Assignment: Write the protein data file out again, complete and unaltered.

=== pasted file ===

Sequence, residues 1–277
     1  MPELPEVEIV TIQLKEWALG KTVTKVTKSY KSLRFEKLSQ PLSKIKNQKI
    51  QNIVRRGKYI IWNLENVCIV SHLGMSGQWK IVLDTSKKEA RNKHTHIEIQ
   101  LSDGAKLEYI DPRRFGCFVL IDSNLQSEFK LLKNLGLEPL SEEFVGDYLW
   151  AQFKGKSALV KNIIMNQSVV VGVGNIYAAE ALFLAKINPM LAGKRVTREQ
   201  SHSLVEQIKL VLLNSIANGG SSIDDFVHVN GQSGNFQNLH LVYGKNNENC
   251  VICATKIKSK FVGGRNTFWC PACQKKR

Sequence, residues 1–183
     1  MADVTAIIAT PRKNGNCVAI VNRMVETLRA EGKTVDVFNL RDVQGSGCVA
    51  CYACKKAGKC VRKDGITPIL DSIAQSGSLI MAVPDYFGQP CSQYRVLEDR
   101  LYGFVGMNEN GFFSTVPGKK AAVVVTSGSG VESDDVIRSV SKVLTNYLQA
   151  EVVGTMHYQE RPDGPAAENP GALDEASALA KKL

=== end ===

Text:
Sequence, residues 1–277
     1  MPELPEVEIV TIQLKEWALG KTVTKVTKSY KSLRFEKLSQ PLSKIKNQKI
    51  QNIVRRGKYI IWNLENVCIV SHLGMSGQWK IVLDTSKKEA RNKHTHIEIQ
   101  LSDGAKLEYI DPRRFGCFVL IDSNLQSEFK LLKNLGLEPL SEEFVGDYLW
   151  AQFKGKSALV KNIIMNQSVV VGVGNIYAAE ALFLAKINPM LAGKRVTREQ
   201  SHSLVEQIKL VLLNSIANGG SSIDDFVHVN GQSGNFQNLH LVYGKNNENC
   251  VICATKIKSK FVGGRNTFWC PACQKKR

Sequence, residues 1–183
     1  MADVTAIIAT PRKNGNCVAI VNRMVETLRA EGKTVDVFNL RDVQGSGCVA
    51  CYACKKAGKC VRKDGITPIL DSIAQSGSLI MAVPDYFGQP CSQYRVLEDR
   101  LYGFVGMNEN GFFSTVPGKK AAVVVTSGSG VESDDVIRSV SKVLTNYLQA
   151  EVVGTMHYQE RPDGPAAENP GALDEASALA KKL